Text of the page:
Reverse engineer the president’s year
Wednesday, February 28, 2018
I met an elected president who was eager to lead. He had a lofty presidential agenda to achieve. When I checked in with him a year later, he was frustrated that what he set out to do was not completed as he had hoped.
Every chief elected officer wants to have a successful year. Their ambitions are expressed in installation speeches and inaugural president's messages.
Not all presidential initiatives come to fruition. Factors such as lack of support, unexpected distractions and too much to do with too little resources will be roadblocks.
One way to approach success is through reverse engineering. The concept is a process in which a system, product or outcome is analyzed backward to identify the steps needed for the desired result. It is often applied to manufacturing or software development — but works for associations, too.
Consider this example. The elected president announces, "The association will pass a government regulation to protect the profession." Chances of success are enhanced by analyzing the steps and working backward.
One way to frame reverse engineering is to use the criteria in the Malcolm Baldrige National Quality Award. Nearly every U.S. state has a similar-quality model promoting organizational excellence.
The Baldrige Award criteria includes seven elements.
- Leadership: How the board and staff leads the organization and the community.
- Strategy: How the organization develops and implements a strategic plan.
- Customers: How the organization builds and maintains relationships with members. Factors might include satisfaction levels, market share, retention rate and value for dues investment.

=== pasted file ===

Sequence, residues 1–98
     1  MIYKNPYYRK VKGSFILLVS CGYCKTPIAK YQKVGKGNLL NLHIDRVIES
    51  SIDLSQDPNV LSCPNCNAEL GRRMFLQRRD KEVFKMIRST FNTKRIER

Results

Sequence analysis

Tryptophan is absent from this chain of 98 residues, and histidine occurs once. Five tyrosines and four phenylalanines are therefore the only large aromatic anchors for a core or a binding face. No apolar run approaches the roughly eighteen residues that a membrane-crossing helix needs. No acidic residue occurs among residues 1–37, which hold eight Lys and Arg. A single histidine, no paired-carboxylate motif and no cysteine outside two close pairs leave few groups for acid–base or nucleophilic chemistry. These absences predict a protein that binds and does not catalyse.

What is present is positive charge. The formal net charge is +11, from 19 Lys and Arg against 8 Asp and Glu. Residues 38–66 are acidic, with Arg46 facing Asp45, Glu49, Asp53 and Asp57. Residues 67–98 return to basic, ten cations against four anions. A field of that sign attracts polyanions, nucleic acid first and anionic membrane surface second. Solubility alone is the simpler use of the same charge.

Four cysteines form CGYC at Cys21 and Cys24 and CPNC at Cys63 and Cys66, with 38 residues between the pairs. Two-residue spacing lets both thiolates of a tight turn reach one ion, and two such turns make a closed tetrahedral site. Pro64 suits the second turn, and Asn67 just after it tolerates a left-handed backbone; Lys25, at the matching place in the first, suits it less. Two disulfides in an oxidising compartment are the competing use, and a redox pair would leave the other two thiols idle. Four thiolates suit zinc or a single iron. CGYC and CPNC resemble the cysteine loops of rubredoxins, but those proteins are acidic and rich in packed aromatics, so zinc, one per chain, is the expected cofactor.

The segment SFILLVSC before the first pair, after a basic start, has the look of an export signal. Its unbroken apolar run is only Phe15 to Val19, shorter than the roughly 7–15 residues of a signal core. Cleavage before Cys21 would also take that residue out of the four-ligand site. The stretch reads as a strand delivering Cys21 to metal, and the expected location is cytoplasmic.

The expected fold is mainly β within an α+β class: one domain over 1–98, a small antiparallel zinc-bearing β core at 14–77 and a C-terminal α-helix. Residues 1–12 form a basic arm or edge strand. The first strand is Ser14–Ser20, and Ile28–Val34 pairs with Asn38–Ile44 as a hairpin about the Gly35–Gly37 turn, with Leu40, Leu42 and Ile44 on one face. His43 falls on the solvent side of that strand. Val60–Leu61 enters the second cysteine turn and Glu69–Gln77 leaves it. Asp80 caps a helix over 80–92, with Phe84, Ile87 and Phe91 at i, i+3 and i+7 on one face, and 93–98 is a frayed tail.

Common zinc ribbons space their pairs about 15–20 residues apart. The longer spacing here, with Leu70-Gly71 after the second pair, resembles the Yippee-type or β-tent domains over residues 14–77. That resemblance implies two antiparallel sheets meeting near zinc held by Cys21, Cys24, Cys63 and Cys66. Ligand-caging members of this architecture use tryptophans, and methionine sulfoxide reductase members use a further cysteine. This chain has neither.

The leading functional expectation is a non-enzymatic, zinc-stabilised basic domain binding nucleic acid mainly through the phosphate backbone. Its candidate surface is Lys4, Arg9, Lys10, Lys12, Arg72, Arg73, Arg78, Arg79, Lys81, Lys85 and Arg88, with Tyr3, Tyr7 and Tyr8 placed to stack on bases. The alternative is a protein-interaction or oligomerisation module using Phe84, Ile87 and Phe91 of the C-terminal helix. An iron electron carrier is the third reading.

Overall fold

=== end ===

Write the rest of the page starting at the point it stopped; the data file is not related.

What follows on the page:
- Measurement: How the organization uses data to support key processes and manage performance. Nearly everything in an association can be measured and reported with dashboards.
- Workforce: How the organization empowers and involves its paid workforce. Factors may include sufficient investment in professional development and longevity of staff.
- Operations: How the association develops, manages and improves processes and procedures. Associations often document activities in manuals — for instance, leadership, policies, communications and crisis management manuals.
- Results: Whether the association has significant results, for example, improving safety, reducing unemployment, enhancing the economy or passing the new law the elected president announced.
Reverse engineer the goal
In the example of the president intending to pass a regulation to protect the profession, aligning the Baldrige elements will advance success. Here are the steps in reverse order:
- Results: Even though this is the seventh criteria in Baldrige, start with and describe the vision of success. For example, the outcome for the elected president who announced the goal of passing government regulation to protect the profession. Frame a clear vision in which others can support.
- Operations: The sixth criteria focuses on operations. Do we have the operations to support it? It may take a letter writing campaign, group visit to the capitol or development of a white paper.
- Workforce: The fifth criteria is the workforce needed to support the efforts. Lobbying is often outsourced. Staff involvement is important for a comprehensive approach.
- Measurement: The fourth criteria is to measure the interim steps while working toward the goal. Metrics may include increasing contacts with lawmakers, measuring public opinion and raising political support.
- Membership: The third item in Baldrige is member involvement. Engage the membership through grassroots and capitol visits are logical next step.
- Strategy: The second-to-last criteria is to develop a strategic plan to carry out the goal. Dealing with government regulation often takes more than a year's work.
- Leadership: Finally, get the buy-in of leaders. They should agree on a position, rationale and consistent messaging for a unified approach.
"Reverse engineering is an easy process. If one doesn't have the vision for success, it rarely happens," said Bill Pawlucy, CAE and former Malcolm Baldrige National Examiner.
Often, goals are announced but fall short. Possibly the elements were not identified and aligned. Perhaps success was not envisioned in the beginning. Use the Baldrige model to reverse engineer and set a plan for success.
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